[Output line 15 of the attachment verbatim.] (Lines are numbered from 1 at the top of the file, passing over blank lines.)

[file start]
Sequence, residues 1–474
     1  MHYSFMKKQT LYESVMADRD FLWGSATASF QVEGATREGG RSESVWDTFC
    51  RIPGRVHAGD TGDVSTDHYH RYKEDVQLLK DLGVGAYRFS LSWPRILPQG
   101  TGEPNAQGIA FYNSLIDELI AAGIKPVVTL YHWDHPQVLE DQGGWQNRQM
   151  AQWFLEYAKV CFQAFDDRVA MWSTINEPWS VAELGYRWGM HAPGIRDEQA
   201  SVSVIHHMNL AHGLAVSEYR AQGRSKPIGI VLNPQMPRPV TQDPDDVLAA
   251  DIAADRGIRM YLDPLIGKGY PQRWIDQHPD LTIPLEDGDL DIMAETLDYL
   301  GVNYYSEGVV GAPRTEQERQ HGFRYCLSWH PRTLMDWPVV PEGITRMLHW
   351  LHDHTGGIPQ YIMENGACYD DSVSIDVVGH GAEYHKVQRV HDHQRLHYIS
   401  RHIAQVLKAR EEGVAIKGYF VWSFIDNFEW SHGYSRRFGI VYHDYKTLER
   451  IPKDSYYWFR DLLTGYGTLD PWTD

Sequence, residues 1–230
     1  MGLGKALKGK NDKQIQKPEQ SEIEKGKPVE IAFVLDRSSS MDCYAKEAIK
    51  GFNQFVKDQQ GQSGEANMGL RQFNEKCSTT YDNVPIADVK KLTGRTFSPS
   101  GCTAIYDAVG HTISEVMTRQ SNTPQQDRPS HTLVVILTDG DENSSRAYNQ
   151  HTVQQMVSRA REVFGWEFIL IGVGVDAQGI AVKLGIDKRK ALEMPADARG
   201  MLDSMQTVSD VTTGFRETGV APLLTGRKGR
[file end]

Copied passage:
   101  GCTAIYDAVG HTISEVMTRQ SNTPQQDRPS HTLVVILTDG DENSSRAYNQ